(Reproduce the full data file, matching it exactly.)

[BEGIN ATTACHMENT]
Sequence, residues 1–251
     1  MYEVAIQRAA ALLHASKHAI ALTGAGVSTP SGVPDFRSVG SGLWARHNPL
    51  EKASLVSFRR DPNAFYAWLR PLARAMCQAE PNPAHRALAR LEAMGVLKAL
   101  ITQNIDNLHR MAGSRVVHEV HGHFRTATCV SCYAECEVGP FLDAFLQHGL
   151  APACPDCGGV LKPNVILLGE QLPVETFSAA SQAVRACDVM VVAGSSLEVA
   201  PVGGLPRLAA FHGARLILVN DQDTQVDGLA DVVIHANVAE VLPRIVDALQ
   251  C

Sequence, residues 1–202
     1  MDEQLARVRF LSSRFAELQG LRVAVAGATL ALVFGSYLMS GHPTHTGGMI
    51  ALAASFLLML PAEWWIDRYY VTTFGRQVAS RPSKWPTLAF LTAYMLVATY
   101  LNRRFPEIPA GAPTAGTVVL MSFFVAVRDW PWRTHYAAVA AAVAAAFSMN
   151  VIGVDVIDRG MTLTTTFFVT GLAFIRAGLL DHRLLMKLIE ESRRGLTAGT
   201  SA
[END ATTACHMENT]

Sequence, residues 1–251
     1  MYEVAIQRAA ALLHASKHAI ALTGAGVSTP SGVPDFRSVG SGLWARHNPL
    51  EKASLVSFRR DPNAFYAWLR PLARAMCQAE PNPAHRALAR LEAMGVLKAL
   101  ITQNIDNLHR MAGSRVVHEV HGHFRTATCV SCYAECEVGP FLDAFLQHGL
   151  APACPDCGGV LKPNVILLGE QLPVETFSAA SQAVRACDVM VVAGSSLEVA
   201  PVGGLPRLAA FHGARLILVN DQDTQVDGLA DVVIHANVAE VLPRIVDALQ
   251  C

Sequence, residues 1–202
     1  MDEQLARVRF LSSRFAELQG LRVAVAGATL ALVFGSYLMS GHPTHTGGMI
    51  ALAASFLLML PAEWWIDRYY VTTFGRQVAS RPSKWPTLAF LTAYMLVATY
   101  LNRRFPEIPA GAPTAGTVVL MSFFVAVRDW PWRTHYAAVA AAVAAAFSMN
   151  VIGVDVIDRG MTLTTTFFVT GLAFIRAGLL DHRLLMKLIE ESRRGLTAGT
   201  SA